Category: Effective Writing

Diving Back into Dialogue: Part II

Posted on Tuesday, December 3, 2019, at 11:00 pm

Part One of our current discussion on dialogue concerned format, punctuation, and attribution in written conversations. Part Two will center on internal dialogue that conveys what characters are thinking as opposed to speaking. An earlier article on the subject pointed out that direct internal dialogue is expressed in the first person (I, we) and written …

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Misbegotten Views on Gotten

Posted on Tuesday, November 19, 2019, at 11:00 pm

A few of you were dismayed by our using gotten in our article The Lowdown on Different Than. We wrote: "In recent years we have debunked some of these baseless 'rules,' and gotten a lot of heat from frustrated readers." An exasperated gentleman from Australia was "shocked" by the appearance of "gotten," which he denounced ex cathedra as a …

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Diving Back into Dialogue: Part I

Posted on Tuesday, November 12, 2019, at 11:00 pm

We receive many questions from our readers about writing dialogue. We thought now would be a good time to revisit the subject; in doing so, we hope to answer questions some of you might still have. Format Each new line of dialogue is often indented on each line, enclosed in quotation marks, and attended by …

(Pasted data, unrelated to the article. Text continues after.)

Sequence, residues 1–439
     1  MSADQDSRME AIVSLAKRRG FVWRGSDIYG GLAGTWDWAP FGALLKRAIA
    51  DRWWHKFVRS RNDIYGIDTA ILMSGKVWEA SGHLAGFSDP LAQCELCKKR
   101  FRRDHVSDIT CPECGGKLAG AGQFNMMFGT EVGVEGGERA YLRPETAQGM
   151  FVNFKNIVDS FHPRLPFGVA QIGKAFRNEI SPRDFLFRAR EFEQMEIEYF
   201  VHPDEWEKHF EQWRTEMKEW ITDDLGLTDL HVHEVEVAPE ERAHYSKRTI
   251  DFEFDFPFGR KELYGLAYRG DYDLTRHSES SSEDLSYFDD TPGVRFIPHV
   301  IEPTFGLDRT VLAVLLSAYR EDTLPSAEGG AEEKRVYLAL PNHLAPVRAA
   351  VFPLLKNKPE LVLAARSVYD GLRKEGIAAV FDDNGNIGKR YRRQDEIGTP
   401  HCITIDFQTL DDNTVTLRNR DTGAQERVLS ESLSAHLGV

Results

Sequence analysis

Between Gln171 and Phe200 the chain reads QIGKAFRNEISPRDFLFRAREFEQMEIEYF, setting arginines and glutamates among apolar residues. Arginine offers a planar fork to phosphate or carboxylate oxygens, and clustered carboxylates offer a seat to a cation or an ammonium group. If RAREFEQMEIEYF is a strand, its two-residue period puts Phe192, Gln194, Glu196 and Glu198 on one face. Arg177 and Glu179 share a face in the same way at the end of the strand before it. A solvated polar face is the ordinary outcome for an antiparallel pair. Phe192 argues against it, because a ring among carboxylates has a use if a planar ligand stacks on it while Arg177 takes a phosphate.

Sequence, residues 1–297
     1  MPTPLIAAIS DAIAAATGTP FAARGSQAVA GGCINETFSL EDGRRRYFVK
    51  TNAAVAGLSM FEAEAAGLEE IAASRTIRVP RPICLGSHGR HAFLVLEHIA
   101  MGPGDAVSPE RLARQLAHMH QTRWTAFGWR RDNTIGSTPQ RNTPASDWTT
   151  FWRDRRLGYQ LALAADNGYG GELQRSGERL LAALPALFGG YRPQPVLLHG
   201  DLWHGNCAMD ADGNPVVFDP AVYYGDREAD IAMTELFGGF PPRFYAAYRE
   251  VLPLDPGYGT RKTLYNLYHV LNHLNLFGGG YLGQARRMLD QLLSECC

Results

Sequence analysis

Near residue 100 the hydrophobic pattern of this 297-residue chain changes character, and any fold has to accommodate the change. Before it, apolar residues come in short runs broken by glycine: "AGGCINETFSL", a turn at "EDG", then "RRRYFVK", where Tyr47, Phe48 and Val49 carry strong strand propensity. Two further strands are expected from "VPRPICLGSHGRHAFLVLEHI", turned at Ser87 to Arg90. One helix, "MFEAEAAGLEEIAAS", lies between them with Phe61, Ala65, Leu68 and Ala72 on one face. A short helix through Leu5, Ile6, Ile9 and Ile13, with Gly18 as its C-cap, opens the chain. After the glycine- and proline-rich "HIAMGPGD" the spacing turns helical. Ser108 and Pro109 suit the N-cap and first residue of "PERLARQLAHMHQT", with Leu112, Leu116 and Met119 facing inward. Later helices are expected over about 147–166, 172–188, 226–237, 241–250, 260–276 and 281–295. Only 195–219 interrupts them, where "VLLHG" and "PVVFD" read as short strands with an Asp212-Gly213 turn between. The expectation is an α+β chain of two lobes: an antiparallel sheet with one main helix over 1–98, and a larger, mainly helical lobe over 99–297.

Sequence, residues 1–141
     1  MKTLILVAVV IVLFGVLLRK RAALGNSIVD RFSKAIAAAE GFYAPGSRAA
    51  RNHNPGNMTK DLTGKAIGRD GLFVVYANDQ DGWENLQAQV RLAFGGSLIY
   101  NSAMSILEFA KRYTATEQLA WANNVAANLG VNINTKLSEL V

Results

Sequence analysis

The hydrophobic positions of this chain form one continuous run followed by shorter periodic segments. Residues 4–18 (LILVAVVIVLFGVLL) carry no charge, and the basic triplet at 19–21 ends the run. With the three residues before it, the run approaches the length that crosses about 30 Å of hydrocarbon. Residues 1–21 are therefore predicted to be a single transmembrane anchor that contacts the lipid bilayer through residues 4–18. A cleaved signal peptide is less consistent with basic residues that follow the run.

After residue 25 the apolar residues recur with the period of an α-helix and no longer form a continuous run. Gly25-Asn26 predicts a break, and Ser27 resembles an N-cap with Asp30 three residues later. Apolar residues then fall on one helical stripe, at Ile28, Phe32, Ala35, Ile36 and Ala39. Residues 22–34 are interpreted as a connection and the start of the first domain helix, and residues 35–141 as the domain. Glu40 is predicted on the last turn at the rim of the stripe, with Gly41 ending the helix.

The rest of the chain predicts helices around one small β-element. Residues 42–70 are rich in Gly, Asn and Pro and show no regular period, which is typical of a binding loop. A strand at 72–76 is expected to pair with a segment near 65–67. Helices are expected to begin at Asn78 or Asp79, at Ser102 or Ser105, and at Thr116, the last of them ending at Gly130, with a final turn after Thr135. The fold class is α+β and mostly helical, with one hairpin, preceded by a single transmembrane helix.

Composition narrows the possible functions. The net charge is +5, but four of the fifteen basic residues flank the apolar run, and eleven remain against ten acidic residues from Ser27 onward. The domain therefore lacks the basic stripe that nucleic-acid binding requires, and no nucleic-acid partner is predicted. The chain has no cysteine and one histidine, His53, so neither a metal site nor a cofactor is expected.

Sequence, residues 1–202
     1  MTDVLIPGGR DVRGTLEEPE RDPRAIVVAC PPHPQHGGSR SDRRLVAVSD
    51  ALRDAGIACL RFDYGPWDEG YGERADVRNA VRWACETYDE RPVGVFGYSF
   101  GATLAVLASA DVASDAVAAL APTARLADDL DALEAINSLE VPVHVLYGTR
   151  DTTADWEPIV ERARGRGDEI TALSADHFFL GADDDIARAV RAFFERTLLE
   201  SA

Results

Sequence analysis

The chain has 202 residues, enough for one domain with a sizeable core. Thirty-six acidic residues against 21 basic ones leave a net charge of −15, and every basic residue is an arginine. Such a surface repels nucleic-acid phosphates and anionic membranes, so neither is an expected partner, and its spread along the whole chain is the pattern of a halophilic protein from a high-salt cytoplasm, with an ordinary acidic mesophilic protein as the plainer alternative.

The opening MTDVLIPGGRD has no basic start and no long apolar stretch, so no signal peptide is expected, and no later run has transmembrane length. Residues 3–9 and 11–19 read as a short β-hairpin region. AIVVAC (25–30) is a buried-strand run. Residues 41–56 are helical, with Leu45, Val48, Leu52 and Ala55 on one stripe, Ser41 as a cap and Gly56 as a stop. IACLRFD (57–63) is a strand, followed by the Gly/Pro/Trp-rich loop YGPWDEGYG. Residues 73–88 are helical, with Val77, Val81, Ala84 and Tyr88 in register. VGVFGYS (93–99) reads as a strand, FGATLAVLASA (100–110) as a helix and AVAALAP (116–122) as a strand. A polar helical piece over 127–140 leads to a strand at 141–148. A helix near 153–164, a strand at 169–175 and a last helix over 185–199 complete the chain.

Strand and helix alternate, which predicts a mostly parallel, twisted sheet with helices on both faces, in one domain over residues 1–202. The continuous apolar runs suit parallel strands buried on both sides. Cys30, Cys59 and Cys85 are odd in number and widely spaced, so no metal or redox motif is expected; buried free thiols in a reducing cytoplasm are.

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Composing Comparisons

Posted on Tuesday, October 29, 2019, at 11:00 pm

Comparisons in language help us communicate imagery, opinions, proportions, and degrees of condition, excellence, or deficiency. They serve communication as versatile, colorful tools as long as they are clear and complete. If they are not clear or complete, they can quickly fog another's view of our thoughts. Such ambiguity will often result from an omission …

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Composing with Conjunctive Adverbs

Posted on Tuesday, October 15, 2019, at 11:00 pm

Many of us probably use conjunctive adverbs without being aware we’re doing so. Further understanding their role aids our precision with their inclusion in our writing. Conjunctive adverbs are adverbs that connect related main (independent) clauses. They provide a transition between sentences, typically by comparing and contrasting statements or demonstrating cause and effect. They include …

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